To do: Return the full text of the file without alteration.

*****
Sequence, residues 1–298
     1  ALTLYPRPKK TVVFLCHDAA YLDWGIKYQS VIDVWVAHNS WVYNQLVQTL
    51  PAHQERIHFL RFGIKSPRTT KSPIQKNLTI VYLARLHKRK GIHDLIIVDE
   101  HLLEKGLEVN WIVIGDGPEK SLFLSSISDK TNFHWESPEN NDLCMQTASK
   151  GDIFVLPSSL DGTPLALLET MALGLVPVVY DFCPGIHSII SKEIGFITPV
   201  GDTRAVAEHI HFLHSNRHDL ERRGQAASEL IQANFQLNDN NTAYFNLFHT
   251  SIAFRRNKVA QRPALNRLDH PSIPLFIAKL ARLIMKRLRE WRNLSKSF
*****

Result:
Sequence, residues 1–298
     1  ALTLYPRPKK TVVFLCHDAA YLDWGIKYQS VIDVWVAHNS WVYNQLVQTL
    51  PAHQERIHFL RFGIKSPRTT KSPIQKNLTI VYLARLHKRK GIHDLIIVDE
   101  HLLEKGLEVN WIVIGDGPEK SLFLSSISDK TNFHWESPEN NDLCMQTASK
   151  GDIFVLPSSL DGTPLALLET MALGLVPVVY DFCPGIHSII SKEIGFITPV
   201  GDTRAVAEHI HFLHSNRHDL ERRGQAASEL IQANFQLNDN NTAYFNLFHT
   251  SIAFRRNKVA QRPALNRLDH PSIPLFIAKL ARLIMKRLRE WRNLSKSF